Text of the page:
Screening for breast cancer in 2018— what should we be doing today?

J.M. Seely, T. Alhassan


Although screening mammography has delivered many benefits since its introduction in Canada in 1988, questions about perceived harms warrant an up-to-date review. To help oncologists and physicians provide optimal patient recommendations, the literature was reviewed to find the latest guidelines for screening mammography, including benefits and perceived harms of overdiagnosis, false positives, false negatives, and technologic advances.

For women 40–74 years of age who actually participate in screening every 1–2 years, breast cancer mortality is reduced by 40%. With appropriate corrections, overdiagnosis accounts for 10% or fewer breast cancers. False positives occur in about 10% of screened women, 80% of which are resolved with additional imaging, and 10%, with breast biopsy. An important limitation of screening is the false negatives (15%–20%). The technologic advances of digital breast tomosynthesis, breast ultrasonography, and magnetic resonance imaging counter the false negatives of screening mammography, particularly in women with dense breast tissue.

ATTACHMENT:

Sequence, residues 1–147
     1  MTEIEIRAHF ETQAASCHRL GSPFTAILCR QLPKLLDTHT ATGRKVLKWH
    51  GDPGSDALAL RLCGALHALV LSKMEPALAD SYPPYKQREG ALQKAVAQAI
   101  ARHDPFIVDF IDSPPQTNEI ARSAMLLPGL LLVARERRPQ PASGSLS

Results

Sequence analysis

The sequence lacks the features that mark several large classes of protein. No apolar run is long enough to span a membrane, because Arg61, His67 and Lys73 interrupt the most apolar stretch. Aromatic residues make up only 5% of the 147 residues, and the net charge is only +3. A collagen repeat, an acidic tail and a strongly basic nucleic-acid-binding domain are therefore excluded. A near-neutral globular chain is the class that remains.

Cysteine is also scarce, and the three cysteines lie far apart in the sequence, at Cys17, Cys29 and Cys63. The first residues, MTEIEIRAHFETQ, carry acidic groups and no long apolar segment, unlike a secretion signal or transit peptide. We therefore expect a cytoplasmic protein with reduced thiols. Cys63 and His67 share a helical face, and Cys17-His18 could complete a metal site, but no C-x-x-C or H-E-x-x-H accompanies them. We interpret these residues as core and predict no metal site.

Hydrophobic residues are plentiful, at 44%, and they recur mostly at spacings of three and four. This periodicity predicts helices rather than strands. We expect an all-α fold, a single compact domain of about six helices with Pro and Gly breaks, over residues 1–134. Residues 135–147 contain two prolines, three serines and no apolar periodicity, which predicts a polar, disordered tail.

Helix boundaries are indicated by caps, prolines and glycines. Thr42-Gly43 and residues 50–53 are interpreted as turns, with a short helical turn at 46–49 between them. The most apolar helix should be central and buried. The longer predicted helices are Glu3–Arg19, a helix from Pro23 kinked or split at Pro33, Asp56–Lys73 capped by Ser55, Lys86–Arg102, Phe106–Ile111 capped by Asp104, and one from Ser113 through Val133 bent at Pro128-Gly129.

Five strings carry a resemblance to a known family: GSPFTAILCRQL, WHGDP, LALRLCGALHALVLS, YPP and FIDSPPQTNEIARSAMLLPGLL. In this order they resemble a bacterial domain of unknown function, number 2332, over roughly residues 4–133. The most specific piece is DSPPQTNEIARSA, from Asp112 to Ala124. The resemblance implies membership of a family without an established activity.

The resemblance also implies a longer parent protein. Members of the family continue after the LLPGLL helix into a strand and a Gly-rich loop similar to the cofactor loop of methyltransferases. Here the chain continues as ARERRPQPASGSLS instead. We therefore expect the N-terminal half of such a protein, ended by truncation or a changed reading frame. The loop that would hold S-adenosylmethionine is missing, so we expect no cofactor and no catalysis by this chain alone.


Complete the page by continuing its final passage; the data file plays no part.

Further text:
Breast cancer; screening mammography; digital breast tomosynthesis; overdiagnosis

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ISSN: 1198-0052 (Print) ISSN: 1718-7729 (Online)